Gone Missing is written by Douglas Coop, the father of Peter Coop, a doctor who went missing in New Zealand in 1989.
Thousands of people go missing each year, exceeding the combined number of traffic fatalities, suicides and all the injuries requiring hospitalisation. In addition, each person reported missing affects at least twelve others emotionally or financially; immobilising families as there can be no closure until the fate of their loved one is resolved.
Based on decades of fieldwork, Gone Missing discusses the role of police and search agencies, how to deal with the media and the many organisations available to give support and assistance.
The book gives a detailed account of the emotional trauma and grieving suffered by those left behind, the professional help available, and explains the role of counselling. It examines why people go missing, and deals with their return or the finding of remains. No other book offers the same comprehensive information and guidance.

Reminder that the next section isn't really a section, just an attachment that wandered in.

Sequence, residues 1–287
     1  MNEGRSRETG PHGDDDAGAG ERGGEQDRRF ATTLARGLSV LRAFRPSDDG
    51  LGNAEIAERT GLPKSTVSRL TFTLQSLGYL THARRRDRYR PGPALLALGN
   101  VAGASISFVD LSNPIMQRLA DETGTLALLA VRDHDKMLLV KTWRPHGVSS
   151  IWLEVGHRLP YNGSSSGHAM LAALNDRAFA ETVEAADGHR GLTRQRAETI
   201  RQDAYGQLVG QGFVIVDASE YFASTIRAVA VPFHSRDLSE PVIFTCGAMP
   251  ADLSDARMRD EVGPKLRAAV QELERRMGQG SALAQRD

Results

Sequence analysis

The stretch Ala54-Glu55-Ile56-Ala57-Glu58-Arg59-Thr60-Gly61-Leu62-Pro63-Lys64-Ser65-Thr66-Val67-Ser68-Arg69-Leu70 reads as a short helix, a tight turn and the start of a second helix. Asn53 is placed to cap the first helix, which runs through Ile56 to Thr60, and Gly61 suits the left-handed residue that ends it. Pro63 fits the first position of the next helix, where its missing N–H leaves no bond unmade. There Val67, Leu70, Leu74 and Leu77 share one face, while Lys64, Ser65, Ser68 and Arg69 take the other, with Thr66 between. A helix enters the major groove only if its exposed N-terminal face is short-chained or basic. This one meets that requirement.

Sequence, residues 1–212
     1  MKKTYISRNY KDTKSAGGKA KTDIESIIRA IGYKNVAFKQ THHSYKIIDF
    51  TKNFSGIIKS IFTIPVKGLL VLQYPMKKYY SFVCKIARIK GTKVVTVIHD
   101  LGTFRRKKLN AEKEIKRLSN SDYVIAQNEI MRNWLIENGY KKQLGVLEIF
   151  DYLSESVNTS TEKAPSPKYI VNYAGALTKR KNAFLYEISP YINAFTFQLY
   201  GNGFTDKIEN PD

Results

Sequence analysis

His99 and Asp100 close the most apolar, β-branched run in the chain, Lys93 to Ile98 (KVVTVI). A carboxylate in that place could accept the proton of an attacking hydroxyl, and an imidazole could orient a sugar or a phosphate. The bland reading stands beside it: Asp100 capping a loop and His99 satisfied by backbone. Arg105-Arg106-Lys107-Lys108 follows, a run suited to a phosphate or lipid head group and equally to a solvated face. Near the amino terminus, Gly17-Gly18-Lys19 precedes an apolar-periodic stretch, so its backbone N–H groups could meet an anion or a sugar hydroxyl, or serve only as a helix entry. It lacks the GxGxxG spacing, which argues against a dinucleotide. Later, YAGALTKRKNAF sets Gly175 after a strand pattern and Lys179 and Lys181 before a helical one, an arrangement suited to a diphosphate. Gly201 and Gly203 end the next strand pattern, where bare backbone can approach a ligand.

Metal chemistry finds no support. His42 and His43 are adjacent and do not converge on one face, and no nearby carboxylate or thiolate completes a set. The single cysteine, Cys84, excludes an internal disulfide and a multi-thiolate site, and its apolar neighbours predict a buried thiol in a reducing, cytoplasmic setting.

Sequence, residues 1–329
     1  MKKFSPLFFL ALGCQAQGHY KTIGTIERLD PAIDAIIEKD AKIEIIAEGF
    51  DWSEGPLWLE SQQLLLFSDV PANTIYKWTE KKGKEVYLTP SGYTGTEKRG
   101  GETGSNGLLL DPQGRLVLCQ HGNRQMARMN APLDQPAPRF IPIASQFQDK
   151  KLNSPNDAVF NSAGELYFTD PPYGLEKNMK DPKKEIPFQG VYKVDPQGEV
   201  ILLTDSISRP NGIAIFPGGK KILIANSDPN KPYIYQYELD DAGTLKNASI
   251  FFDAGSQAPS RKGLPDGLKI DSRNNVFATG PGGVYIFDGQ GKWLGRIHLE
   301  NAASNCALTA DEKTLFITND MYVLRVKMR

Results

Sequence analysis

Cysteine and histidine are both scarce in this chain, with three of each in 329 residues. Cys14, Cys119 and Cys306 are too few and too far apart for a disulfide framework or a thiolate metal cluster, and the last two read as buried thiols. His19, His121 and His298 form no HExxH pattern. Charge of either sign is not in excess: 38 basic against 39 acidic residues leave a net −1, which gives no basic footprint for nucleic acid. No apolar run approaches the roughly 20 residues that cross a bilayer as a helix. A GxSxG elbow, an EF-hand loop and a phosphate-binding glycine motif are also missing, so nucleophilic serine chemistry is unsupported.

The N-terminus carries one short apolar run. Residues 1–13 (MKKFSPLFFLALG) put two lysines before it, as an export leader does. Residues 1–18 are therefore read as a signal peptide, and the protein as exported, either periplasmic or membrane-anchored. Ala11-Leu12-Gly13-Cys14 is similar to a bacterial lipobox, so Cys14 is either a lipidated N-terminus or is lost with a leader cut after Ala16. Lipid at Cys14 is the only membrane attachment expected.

Jan says, “I agree with Douglas that it’s a really good idea to keep a journal to record what inquiries have been made, who said what and when – which might not become significant until later. It’s also a means of recording your feelings, your hopes and fears, so that your brain can process it all while you sleep, and so you can face the next day with a positive frame of mind. If your Loved One returns, they can read how much their absence affected your daily life. Sadly, some people go missing more than once, so if they can understand your viewpoint, they’re much more likely to talk to a friend, relative or counsellor before doing anything they may regret in the future.”